Frequently Asked Questions

1) What is ABI and what causes it?

Acquired Brain Injury (ABI) is caused by the shearing of brain nerve fibers due to trauma or by cell death related to swelling, bleeding, disease or loss of oxygen to the brain (anoxia). Whether mild, moderate or severe, ABI can cause physical, cognitive, speech/language and behavioral dysfunction.

Acquired brain injury results from specific events involving trauma to the brain, such as:

Accidents

  • Motor Vehicle Accidents
  • Falls
  • Assaults
  • Sports / Recreational Injuries
  • Work-Related Accidents

Disease

  • Benign/Malignant Tumors
  • Meningitis
  • Encephalitis
  • Diabetes

Stroke or CVA (Cerebrovascular Accidents)

  • Atherosclerosis
  • Aneurysm
  • Arteriovenous Malformation

Anoxic events

  • Near Drowning
  • Drug Overdose
  • Subsequent to TBI/CVA
  • Kidney / Heart Failure
  • Industrial Chemical Exposure
  • Electrical Shock

2) What is the difference between Acquired Brain Injury and Traumatic Brain Injury?

Traumatic Brain Injury (TBI) is a subset of the larger group, Acquired Brain Injury (ABI). Acquired Brain Injuries include all traumatic brain injuries, in addition to non-traumatic brain injuries, such as strokes and meningitis.

3) What makes Learning Services so special?

For more than 30 years, Learning Services has helped define the set of services most important and effective for treating adults with Acquired Brain Injury (ABI) or traumatic brain injury. Our current programs are built upon years of partnership with residents, families, payers, and countless individuals who have contributed to our work. We believe deeply in the power and the value of individuals. We offer a personalized approach to helping people to, once again, participate meaningfully in the community. We offer an array of services and residential environments, as opposed to providing a one-size-fits-all approach. Experienced and highly trained case managers who understand brain injury and the rehabilitative progression of these disabilities manage our residents’ programs. We also offer Day Treatment programs at many of our facilities, which are designed to meet the unique needs of our residents with multiple opportunities to access their local communities.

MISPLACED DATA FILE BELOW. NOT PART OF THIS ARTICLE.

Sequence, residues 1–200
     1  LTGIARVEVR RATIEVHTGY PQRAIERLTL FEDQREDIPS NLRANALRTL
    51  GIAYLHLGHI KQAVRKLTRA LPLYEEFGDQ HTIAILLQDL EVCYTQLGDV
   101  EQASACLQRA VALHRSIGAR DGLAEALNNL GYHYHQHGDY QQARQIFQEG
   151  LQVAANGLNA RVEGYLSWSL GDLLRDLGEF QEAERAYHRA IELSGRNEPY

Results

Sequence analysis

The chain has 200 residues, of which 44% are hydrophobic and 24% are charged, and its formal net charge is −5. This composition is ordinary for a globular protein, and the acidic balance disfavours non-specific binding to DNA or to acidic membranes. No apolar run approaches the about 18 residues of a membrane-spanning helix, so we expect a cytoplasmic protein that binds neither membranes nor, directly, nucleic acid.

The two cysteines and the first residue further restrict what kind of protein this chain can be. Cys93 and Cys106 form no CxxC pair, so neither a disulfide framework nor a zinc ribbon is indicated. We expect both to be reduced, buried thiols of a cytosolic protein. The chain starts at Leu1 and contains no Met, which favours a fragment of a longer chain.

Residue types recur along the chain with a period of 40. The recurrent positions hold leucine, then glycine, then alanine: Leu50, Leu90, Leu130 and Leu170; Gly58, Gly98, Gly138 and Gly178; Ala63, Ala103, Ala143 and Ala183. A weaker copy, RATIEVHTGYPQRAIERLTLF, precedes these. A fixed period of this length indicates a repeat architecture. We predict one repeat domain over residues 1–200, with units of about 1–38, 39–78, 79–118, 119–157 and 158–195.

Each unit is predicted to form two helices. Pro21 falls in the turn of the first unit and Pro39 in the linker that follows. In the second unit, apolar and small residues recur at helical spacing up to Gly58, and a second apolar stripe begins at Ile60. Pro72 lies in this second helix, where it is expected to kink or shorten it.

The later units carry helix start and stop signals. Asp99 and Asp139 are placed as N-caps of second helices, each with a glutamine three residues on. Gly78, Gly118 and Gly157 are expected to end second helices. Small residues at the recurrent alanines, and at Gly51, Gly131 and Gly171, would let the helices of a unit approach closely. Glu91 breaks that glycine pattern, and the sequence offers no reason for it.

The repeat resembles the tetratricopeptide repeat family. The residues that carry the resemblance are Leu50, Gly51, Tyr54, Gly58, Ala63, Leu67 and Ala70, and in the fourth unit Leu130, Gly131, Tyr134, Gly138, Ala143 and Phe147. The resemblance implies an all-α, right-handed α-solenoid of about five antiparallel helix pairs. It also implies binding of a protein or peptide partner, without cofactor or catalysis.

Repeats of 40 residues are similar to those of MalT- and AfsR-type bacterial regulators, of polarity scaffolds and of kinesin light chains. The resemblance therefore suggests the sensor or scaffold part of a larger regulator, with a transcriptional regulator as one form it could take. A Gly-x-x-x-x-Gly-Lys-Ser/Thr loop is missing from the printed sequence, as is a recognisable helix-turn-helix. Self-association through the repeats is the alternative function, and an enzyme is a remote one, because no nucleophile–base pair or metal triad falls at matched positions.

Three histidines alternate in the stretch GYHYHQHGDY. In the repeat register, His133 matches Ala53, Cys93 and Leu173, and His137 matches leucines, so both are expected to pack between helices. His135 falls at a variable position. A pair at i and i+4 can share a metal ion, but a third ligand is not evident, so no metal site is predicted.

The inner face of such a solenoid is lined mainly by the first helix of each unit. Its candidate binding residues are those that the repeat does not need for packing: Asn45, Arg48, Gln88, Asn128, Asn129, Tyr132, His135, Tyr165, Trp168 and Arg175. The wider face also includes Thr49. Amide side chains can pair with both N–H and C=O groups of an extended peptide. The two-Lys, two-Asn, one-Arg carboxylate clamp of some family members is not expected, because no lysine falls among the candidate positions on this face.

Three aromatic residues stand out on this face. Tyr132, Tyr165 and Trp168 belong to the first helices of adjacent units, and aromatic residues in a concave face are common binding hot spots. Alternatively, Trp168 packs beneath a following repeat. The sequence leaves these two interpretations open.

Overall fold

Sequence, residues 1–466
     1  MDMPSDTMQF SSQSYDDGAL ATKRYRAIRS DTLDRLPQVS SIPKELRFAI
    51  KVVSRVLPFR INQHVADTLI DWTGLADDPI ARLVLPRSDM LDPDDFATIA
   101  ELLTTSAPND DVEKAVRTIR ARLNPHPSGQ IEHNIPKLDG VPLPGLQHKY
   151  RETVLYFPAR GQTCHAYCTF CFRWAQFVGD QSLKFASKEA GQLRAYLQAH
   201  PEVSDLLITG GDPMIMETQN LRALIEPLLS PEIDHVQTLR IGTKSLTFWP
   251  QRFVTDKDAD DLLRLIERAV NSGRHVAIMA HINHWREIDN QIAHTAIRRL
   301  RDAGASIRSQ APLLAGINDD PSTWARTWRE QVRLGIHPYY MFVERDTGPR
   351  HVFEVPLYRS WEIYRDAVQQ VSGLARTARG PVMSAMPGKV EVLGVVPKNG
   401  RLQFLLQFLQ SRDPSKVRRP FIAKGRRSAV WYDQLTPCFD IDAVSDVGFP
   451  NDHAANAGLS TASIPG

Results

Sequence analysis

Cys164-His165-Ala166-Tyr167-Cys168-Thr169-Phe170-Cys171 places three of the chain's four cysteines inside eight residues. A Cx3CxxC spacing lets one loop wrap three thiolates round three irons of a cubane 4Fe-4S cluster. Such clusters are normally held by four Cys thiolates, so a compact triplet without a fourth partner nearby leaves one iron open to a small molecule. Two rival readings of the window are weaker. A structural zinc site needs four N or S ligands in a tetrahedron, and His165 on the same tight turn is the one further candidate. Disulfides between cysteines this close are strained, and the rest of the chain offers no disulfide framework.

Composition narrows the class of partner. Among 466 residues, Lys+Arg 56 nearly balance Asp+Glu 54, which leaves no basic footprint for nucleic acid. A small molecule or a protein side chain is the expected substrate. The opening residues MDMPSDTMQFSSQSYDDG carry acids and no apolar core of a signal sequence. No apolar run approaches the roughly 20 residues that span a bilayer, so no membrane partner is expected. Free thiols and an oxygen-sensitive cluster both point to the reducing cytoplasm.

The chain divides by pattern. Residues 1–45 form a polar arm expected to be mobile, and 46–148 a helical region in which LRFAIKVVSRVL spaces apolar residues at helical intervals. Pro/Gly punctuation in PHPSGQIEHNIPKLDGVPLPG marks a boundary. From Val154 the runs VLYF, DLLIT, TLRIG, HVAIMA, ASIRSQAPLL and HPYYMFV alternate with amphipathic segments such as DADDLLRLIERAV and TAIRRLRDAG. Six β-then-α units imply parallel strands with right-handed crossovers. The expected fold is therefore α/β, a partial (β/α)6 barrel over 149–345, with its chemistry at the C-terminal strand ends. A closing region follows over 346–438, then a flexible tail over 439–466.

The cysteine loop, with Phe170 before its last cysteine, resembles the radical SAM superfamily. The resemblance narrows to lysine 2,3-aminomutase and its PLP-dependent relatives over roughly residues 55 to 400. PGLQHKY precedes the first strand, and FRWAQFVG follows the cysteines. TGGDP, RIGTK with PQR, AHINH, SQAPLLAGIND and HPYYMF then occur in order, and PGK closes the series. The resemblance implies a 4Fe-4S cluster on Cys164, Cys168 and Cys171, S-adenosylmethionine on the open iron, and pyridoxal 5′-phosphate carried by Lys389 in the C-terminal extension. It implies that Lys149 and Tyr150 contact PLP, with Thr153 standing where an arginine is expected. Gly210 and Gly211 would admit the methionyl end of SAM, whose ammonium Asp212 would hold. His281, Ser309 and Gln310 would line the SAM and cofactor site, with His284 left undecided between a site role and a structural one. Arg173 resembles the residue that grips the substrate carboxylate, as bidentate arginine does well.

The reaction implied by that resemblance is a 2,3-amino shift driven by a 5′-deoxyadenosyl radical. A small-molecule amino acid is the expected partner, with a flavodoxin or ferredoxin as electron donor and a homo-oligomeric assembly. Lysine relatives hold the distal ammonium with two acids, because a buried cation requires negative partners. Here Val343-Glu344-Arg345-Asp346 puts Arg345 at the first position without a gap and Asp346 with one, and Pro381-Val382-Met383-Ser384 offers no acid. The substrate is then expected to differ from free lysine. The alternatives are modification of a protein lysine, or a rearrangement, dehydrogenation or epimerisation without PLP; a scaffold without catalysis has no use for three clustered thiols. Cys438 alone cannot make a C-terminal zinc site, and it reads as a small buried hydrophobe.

4) What types of living arrangements are available at Learning Services?

Learning Services offers a variety of residential settings tailored to each participant. Campus-based congregate-living settings, community-based residences, and apartments are available to meet the specific needs of individual residents. The programs provide a balance between privacy and safety, as each resident is motivated to increase his or her self-reliance and participation in the community.

5) How does Learning Services involve family and friends? Can I visit the program whenever I want, or are there visiting hours?

Family members are encouraged to be as involved as they wish and to visit frequently; visitors are always welcome to our programs. Family members are encouraged to develop a relationship with the staff. Our case managers help make arrangements for meetings with pertinent staff as necessary and can offer suggestions for travel and accommodations. Since many family members reside some distance from our programs, and the needs of our families and residents vary, we support visits on an individualized case-by-case basis rather than through standard visiting hour regulations. Home visits are also a part of a resident’s program and are tailored to fit individual circumstances.

6) How often does Learning Services’ staff communicate with the family and sponsor? Will I get written reports?

Upon admission, Learning Services case managers work to understand the expectations of family members and sponsors, and then coordinate communications that work best for all parties. The frequency of the reports, their distribution, content, and consent to share are all established immediately following admission, so everyone involved is clear on what details are shared, and how often they are distributed.